If you thought of MIRA pretty much as a test track in the Midlands, you wouldn’t be alone. When it was taken over by Japanese firm Horiba in 2015, The Telegraph’s first paragraph called the Nuneaton company a “car test track and development centre that has served as a playground for motoring shows like Top Gear and Fifth Gear”.
The set of tracks it was known for were laid over the former RAF Lindley’s runways and taxiways when that was re-purposed to become the government-backed Motor Industry Research Association’s base in 1948. When the chairman of Austin came to open the site officially, he brought a pair of ceremonial scissors, not knowing the MD had arranged to blow the tape apart with explosives.
Back then MIRA was a few runways and taxiways, a control tower and one hangar. When I started coming here about 12 years ago, because it’s where Autocar frequently conducts its performance tests, the tower’s first floor was still where you signed on to use the tracks. And I’m pretty sure the glass lookout on top was being used by a staffer as a greenhouse.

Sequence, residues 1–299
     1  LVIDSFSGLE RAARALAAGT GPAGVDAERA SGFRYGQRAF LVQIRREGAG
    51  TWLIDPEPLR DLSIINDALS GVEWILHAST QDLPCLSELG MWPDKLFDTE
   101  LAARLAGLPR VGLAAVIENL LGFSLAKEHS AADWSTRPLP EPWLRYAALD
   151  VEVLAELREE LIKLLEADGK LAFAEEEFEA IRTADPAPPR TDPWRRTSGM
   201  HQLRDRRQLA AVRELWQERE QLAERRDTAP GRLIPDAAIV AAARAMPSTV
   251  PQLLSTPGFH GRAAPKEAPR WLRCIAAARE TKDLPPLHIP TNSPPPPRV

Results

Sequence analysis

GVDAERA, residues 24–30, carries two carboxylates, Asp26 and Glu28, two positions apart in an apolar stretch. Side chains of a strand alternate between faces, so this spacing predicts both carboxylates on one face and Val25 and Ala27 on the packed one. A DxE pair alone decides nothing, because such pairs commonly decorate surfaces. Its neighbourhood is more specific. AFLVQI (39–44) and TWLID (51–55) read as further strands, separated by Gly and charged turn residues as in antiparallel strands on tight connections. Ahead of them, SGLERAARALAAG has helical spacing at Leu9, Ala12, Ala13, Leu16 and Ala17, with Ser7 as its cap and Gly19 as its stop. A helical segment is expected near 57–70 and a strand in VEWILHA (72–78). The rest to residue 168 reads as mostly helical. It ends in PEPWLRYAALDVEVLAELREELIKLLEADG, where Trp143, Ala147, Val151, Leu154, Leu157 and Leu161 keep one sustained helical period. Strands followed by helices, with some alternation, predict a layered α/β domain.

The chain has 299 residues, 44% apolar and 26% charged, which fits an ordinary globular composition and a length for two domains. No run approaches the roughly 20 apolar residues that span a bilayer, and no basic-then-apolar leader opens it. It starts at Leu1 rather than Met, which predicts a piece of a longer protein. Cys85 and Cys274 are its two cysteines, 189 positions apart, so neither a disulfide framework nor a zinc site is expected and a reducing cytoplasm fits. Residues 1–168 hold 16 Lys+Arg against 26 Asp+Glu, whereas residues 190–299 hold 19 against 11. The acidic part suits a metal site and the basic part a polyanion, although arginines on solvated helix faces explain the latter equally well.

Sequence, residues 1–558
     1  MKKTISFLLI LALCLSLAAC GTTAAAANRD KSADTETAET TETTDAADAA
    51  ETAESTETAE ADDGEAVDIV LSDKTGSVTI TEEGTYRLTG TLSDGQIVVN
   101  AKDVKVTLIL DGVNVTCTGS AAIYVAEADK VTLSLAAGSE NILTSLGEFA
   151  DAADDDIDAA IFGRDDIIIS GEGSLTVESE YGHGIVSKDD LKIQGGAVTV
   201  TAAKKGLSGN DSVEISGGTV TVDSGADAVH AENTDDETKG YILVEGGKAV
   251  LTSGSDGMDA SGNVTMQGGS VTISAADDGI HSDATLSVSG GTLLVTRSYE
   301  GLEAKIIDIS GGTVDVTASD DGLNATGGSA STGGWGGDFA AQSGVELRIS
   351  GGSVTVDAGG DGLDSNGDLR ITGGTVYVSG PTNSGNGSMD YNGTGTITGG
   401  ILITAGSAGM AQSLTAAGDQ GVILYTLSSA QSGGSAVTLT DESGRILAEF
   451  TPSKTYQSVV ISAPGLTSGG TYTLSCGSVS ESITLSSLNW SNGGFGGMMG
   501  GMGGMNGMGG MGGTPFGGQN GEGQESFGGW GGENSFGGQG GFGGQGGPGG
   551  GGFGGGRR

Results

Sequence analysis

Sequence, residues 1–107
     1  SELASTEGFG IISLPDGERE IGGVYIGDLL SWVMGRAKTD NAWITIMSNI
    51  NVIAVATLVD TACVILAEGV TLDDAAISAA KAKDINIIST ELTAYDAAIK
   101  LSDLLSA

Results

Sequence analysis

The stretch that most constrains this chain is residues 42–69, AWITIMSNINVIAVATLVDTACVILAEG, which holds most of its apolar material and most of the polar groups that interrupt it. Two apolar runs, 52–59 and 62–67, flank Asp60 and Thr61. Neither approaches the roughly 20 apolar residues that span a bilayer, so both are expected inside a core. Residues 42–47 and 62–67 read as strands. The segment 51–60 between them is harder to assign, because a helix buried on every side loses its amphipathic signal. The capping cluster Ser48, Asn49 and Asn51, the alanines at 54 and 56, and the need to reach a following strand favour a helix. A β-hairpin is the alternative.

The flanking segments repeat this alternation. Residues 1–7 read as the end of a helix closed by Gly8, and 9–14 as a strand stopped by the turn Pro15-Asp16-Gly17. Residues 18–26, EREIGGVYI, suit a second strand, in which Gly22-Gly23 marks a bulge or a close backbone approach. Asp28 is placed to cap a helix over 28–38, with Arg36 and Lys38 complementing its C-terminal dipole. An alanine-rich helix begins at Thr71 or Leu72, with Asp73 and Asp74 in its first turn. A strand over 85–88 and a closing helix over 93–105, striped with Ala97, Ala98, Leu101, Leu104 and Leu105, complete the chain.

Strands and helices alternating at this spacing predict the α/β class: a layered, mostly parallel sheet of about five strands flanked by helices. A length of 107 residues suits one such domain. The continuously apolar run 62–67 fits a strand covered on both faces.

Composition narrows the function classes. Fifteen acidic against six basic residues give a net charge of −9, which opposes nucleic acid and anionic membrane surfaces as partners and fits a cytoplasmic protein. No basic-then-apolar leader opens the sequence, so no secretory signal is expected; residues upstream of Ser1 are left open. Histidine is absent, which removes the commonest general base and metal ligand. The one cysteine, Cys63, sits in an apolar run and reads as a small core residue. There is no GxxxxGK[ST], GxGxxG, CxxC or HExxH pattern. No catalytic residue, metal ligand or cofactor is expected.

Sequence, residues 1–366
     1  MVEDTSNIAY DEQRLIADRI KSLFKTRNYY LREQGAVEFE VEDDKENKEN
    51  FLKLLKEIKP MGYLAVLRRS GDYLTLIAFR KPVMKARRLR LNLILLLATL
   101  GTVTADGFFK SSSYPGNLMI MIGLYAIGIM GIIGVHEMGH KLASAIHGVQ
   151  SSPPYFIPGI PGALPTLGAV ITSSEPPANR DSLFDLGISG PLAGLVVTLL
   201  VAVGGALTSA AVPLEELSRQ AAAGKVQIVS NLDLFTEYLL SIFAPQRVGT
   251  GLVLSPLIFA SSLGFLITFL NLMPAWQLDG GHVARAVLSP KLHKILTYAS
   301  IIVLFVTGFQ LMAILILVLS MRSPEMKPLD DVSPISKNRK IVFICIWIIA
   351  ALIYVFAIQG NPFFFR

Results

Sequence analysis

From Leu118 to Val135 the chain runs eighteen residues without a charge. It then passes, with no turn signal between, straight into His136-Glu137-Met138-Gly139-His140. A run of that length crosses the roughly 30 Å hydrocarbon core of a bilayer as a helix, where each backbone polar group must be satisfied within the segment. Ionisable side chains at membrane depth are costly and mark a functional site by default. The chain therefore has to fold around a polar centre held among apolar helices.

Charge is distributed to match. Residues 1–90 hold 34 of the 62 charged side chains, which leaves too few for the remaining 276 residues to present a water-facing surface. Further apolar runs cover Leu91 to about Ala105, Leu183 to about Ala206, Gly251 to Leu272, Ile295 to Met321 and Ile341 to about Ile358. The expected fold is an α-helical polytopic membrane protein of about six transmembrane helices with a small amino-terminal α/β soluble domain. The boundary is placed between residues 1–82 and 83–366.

It wasn’t that MIRA, including the 1950s-built laboratories and offices at the front of the site, didn’t have enough work. It had so much it was at capacity. But the place needed to spend hundreds of millions of pounds it didn’t have on infrastructure.
Some came – the control tower moved to a new building, at least – but it needed more, which is why MIRA began pitching itself to investors at the start of the decade and eventually found the right buyer in the Japanese company Horiba, who paid £85 million for it in 2015.
As an outsider – sometimes as a staffer – there’s an unknown about takeovers: are they asset-stripping? Will jobs go? Not in this case. Not a bit of it. The investment since has been staggering.
Predominantly, Horiba makes precision testing equipment, everything from spectrometers used on antique artworks to gas analysers that identify hazardous elements in waste.